Wilhelm Furtwängler (1886–1954) towered over 20th-century conducting. Home-educated and socially ill at ease, he became a disciple of the Hungarian conductor Arthur Nikisch and then director of the Berlin
Philharmonic and the Leipzig Gewandhaus. In 1930 he was invited to work at Bayreuth, a fitting honor for a conductor at the height of his musical career. In Europe, and possibly in the United States as well, he was viewed as a demigod. During the “Third Reich,” Furtwängler made good use of his exalted status to defy the Nazi authorities with acts that no one else could have gotten away with, such as bypassing the Nazi salute before concerts and endeavoring to save the lives of Jewish musicians.
If we have to boil down Furtwängler’s music making to one word, it should be luxury. Furtwängler perceived the beautiful details in all the nooks and crannies of whatever he was conducting and brought them to the attention of the listener before he or she needed to expend the effort to look for them. The most striking example of this finesse is the appearance of Erda in Das Rheingold (all references to the Ring are based on the 1953 Rome RAI recording). No other conductor seems to have realized the significance of the sustained notes of woodwinds that Furtwängler emphasizes, notes that add a whole new dimension to the music and that, once heard and understood, can come to be seen as having been envisioned by the composer in the same way.
Another prominent feature of Furtwängler’s style of conducting is his powerful lyricism. This manifests itself in his technique of dramatically slowing down or speeding up the tempo, a technique that has met with some criticism. However, to my ear, the varying tempo does not in any way reduce the sense of rhythm, which is clear from the music itself. For example, I’ve listened to Furtwängler’s conducting of the opening of the second movement of Beethoven’s Seventh Symphony many times (the Vienna Philharmonic, recorded in January 1950). Although Furtwängler doesn’t offer any new harmonic details, the flow of his music is so sweet and melodic, so beautifully fitting to the composed notes, that the first time I heard it, it immediately struck me as the most distinguished rendition of this passage.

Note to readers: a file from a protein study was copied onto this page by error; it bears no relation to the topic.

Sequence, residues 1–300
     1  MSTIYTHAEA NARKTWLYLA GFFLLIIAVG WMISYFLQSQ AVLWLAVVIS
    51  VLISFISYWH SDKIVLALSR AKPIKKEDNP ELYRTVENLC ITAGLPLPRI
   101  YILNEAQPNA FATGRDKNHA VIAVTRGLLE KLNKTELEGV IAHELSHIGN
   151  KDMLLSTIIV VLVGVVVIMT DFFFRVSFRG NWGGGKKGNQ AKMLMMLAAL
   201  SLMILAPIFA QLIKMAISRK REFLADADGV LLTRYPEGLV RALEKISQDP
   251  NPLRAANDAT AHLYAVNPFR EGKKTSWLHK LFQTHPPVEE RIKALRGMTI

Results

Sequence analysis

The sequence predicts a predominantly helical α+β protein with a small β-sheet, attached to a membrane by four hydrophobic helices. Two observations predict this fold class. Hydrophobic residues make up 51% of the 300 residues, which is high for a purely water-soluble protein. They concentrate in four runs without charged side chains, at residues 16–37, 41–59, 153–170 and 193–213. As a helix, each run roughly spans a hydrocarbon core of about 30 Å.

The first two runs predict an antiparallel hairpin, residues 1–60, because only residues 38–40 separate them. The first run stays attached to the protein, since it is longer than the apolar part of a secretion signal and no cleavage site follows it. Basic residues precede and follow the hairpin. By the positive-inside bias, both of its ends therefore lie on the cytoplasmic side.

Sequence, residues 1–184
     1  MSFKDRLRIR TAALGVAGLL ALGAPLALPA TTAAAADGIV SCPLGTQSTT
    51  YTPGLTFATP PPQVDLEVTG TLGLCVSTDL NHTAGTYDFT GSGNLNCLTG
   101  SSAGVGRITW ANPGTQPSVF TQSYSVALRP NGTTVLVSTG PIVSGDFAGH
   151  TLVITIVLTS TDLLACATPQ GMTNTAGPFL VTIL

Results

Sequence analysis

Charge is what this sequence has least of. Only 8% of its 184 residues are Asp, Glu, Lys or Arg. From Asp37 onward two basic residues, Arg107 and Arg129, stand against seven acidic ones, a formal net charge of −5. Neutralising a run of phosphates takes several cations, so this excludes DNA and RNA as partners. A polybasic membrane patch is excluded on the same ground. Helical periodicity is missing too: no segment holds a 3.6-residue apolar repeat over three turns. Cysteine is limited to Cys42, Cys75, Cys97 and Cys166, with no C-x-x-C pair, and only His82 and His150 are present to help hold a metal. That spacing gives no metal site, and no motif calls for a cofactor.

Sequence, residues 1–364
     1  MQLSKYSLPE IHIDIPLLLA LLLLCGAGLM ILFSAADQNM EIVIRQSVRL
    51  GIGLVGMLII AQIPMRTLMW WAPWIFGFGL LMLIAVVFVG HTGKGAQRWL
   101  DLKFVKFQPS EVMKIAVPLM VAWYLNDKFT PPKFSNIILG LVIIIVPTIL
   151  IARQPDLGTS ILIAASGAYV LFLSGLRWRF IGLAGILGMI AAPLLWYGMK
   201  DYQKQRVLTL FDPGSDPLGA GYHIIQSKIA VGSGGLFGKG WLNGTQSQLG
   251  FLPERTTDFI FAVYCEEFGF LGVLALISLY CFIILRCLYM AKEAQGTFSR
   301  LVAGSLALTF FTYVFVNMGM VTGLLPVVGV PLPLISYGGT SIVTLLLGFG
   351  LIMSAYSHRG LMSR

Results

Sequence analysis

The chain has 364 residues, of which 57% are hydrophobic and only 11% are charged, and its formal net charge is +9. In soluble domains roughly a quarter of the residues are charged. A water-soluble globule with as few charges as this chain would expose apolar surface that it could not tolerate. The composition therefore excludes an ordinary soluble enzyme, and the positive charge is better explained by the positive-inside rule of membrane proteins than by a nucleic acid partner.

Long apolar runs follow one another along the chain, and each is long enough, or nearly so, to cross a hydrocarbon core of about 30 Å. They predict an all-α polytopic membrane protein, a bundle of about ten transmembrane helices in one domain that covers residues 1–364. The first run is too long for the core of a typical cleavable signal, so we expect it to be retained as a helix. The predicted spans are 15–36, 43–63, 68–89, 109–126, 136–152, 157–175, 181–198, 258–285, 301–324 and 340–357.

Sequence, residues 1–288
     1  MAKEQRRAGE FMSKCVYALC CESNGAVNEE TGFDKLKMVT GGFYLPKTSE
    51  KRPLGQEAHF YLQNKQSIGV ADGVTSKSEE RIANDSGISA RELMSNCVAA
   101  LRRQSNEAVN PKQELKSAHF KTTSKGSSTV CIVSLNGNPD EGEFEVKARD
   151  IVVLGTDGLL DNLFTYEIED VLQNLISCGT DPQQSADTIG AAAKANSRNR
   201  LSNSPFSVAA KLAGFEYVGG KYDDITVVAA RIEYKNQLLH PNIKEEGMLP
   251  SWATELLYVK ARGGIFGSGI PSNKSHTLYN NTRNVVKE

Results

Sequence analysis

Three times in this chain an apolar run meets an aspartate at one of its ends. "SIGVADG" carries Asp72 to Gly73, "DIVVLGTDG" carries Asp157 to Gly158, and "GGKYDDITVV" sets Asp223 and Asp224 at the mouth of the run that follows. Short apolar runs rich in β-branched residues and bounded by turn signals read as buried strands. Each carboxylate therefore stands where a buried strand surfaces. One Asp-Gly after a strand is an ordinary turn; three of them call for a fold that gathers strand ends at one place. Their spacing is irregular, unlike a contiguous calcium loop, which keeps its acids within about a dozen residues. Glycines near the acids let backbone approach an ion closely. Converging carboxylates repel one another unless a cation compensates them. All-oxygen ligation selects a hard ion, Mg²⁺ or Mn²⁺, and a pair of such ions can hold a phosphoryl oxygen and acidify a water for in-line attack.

It’s perhaps a little strange that during his lifetime, Furtwängler was considered the foremost Wagner authority. As a thoughtful teenager, he had rejected the very idea of program music. And yet the invaluable legacy of his Wagner recordings certainly demonstrates that his style worked well with Wagner’s music. It can be argued that the depth of Wagner’s harmony and polyphony often cries out for a conductor with Furtwängler’s insights to untangle. His treatment of one of the most sublime and complex moments in music, the short passage in the first half of Siegfried’s Funeral March (Götterdämmerung, Act 3), which begins with Sieglinde’s motif, is more illuminating than every stereo and digital recording I have heard. This is Furtwängler at his best, showcasing Wagner at his best.
It must also be emphasized that Furtwängler’s power of illumination generally does not come at the expense of essential detail. Even for those of us who don’t like to see a conductor put too much of his personal stamp on the music, it is obvious that Furtwängler was able to pull it off.
It must have been truly thrilling to hear Furtwängler live, but we must resign ourselves to 1950s recording technology. This means that his grand crescendos don’t come off as well as those in more modern recordings. The recordings that we have are at their glorious best in the quieter and finely detailed passages. Examples are Siegmund’s monologue after he sees the sword in the tree (Die Walküre, Act 1) and the beginning of “the annunciation of death” scene between Siegmund and Brünnhilde (Die Walküre, Act 2). Furtwängler’s style also works brilliantly with some of the more overlooked passages, such as the best parts of Wotan’s monologue in Die Walküre (Act 2). For one of the most striking examples of absolute mastery of musical flow, listen to a few bars of his Tristan und Isolde (recorded in 1953), during Isolde’s long story-telling to Brangäne (Act 1, Scene 3), when Isolde sings “Seines Elendes jammerte mich!” (His wretchedness tormented me!).
Wilhelm Furtwängler was a man with a profound understanding of music. He believed in music’s redeeming power and clearly did his best to unleash its potential by letting others see it as he did. His recordings are some of the greatest treasures of humankind.
Karl Wee, a member of the Boston Wagner Society and the former Web master, has written numerous reviews for Wagneriana.